Take a moment to read the Florida teacher’s story because it is system that is pretty similar to one Governor Malloy pushed through here in Connecticut.  In fact, a strong argument could be made that the Connecticut’s system is even worse.

http://www.washingtonpost.com/blogs/answer-sheet/wp/2012/12/03/a-value-added-travesty-for-an-award-winning-teacher/

Here’s the crazy story of Kim Cook, a teacher at Irby Elementary, a K-2 school which feeds into Alachua Elementary, for grades 3-5, just down the road in Alachua, Fla. She was recently chosen by the teachers at her school as their Teacher of the Year.

Her plight stems back to last spring when the Florida Legislature passed Senate Bill 736, which mandates that 40 percent of a teacher’s evaluation must be based on student scores on the state’s standardized tests, a method known as the value-added model, or VAM. It is essentially a formula that supposedly tells how much “value” a teacher has added to a student’s test score. Assessment experts say it is a terrible way to evaluate teachers but it has still been adopted by many states with the support of the Obama administration.

Since Cook’s school only goes through second grade, her school district is using the FCAT scores from the third graders at Alachua Elementary School to determine the VAM score for every teacher at her school.

Alachua Elementary School did not do well in 2011-12 evaluations that just came out; it received a D. Under the VAM model, the state awarded that school — and Cook’s school, by default — 10 points out of 100 for their D.

In this school district, there are three components to teacher evaluations:

1. A lesson study worth 20 percent. In the lesson study, small groups of teachers work together to create an exemplary lesson, observe one of the teachers implement it, critique the teacher’s performance and discuss improvement.

2. Principal appraisal worth 40 percent of overall score.

3. VAM data (scores from the standardized Florida Comprehensive Assessment Test scores for elementary schools) worth 40 percent of the overall score.

Cook received full points on her lesson study: 100 x .20 (20%) = 20 points
Cook received an 88/100 from her former principal: 88/100 x .40  (40%) = 35.2 points
On VAM data — points awarded by the state for the FCAT scores at Alachua Elementary School: 10/100 x .40 (40%) = 4 points

Total points that she received: 59.2 (Unsatisfactory)

This is her second year at Irby Elementary, where she teaches first grade. She never taught a single student who took the FCAT at Alachua Elementary last spring. The same will hold true for this year’s evaluation; 40 percent of her appraisal will be based on the scores of students she has never taught.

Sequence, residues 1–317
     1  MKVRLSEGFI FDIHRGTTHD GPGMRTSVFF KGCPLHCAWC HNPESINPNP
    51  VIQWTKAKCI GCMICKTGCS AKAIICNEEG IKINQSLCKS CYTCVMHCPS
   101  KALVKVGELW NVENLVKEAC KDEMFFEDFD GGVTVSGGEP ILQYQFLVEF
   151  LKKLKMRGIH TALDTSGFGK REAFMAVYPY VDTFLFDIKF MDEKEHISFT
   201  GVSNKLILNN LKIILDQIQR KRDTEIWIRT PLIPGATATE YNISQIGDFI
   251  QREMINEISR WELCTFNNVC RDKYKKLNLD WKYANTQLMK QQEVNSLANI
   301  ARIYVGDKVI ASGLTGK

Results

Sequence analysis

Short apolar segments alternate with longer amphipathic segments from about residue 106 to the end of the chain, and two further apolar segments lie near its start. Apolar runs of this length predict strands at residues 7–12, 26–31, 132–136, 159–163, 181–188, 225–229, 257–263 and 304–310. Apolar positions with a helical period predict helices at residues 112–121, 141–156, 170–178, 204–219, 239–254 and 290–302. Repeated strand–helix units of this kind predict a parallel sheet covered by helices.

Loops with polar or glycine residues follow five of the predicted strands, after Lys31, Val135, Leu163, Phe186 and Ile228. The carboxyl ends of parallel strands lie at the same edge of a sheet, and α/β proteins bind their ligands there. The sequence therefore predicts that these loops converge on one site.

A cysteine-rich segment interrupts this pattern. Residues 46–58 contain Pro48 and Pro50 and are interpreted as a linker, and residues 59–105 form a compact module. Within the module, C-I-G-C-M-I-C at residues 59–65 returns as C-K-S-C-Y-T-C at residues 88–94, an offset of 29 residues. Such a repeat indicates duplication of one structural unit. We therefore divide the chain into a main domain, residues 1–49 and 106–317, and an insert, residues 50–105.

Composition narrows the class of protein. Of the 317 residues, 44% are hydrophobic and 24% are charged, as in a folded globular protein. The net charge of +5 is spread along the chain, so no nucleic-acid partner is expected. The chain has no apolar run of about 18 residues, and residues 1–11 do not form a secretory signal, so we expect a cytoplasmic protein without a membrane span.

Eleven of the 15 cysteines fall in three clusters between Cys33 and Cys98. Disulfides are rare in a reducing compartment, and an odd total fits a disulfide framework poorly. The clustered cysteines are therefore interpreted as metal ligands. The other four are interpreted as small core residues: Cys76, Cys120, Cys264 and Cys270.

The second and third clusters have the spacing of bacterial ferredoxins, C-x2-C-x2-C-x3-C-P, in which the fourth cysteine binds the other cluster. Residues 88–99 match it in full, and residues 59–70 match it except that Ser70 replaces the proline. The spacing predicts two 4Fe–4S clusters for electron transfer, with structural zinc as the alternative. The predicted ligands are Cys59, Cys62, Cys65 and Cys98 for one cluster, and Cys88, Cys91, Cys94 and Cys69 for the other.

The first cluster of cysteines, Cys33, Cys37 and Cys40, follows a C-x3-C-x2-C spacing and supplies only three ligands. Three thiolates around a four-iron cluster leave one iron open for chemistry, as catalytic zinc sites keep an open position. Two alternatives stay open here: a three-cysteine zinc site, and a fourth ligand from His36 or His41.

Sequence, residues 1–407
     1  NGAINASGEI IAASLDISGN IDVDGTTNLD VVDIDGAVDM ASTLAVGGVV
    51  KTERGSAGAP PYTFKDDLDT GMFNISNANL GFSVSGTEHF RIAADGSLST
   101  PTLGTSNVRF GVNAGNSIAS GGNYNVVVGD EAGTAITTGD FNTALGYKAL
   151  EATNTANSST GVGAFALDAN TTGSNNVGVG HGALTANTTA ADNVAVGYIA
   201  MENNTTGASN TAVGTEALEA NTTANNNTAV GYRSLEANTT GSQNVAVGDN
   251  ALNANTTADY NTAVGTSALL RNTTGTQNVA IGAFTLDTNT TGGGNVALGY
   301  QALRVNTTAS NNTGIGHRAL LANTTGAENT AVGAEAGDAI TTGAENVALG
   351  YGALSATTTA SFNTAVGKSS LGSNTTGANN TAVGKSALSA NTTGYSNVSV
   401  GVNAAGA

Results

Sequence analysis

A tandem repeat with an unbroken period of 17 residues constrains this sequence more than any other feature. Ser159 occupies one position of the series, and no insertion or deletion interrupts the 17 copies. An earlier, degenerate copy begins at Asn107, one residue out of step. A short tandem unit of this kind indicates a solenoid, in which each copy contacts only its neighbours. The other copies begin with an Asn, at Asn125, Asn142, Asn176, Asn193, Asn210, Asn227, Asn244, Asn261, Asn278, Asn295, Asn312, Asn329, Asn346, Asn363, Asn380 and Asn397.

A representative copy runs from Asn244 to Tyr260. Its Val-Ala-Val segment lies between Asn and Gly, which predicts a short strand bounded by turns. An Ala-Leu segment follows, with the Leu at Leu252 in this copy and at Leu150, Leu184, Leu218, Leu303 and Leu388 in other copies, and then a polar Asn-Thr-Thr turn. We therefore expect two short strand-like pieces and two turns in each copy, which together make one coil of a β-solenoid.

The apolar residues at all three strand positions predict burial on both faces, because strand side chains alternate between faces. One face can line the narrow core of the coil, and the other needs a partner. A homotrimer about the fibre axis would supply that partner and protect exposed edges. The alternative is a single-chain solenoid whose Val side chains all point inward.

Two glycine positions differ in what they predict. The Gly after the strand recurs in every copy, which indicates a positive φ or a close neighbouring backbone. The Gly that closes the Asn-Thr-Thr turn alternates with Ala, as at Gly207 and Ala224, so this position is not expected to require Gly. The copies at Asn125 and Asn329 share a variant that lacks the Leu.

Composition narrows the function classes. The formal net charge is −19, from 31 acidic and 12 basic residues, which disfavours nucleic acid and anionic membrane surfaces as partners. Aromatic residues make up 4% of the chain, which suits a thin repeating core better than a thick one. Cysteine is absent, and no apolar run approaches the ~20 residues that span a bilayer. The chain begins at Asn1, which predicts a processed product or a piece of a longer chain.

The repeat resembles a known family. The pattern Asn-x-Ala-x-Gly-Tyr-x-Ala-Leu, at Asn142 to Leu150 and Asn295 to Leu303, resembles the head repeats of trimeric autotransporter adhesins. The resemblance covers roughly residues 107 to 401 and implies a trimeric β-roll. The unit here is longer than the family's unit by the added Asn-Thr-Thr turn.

The Florida Education Association’s Web site says:

Every teacher will be evaluated using the new evaluation criteria and student learning growth. Veteran teachers must demonstrate Highly Effective or Effective performance; if they are rated unsatisfactory two consecutive or two out of three years, they will be placed on an annual contract then, if there is no improvement, terminated.

Here’s what Cook wrote to me in an e-mail:

I have almost 25 years of experience as a teacher. I JUST got my 2011-2012 evaluation on Friday. There is a real possibility that I will receive an unsatisfactory evaluation for this school year. I may go up to “needs improvement”, but either way, my job is in jeopardy.

Last month, the faculty and staff at my school voted for me as Irby Elementary School’s Teacher of the Year. I am so honored to have been chosen. I work with an amazing group of teachers. They are the most hardworking and talented group of women I have had the privilege to know. Yet every single teacher at my school received an evaluation of “needs improvement” or “unsatisfactory” because of this insane system that the Republican state legislators and Gov. [Rick] Scott dreamed up at the beckoning of Jeb Bush and ALEC [American Legislative Exchange Council]. My colleagues and I deserve better than this.”

Malloy brags about his support for $10.10 minimum wage, but takes campaign money from Wal-Mart

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If you’ve been getting Dannel “Dan” Malloy’s recent campaign emails you know that the incumbent Governor is using his recent support for a higher minimum wage to raise money for his re-election campaign.

What doesn’t show up in those emails is the fact that the Malloy campaign operation accepted a $5,000 check, last October, from WAL-MART STORES INC. PAC FOR RESPONSIBLE GOVERNMENT.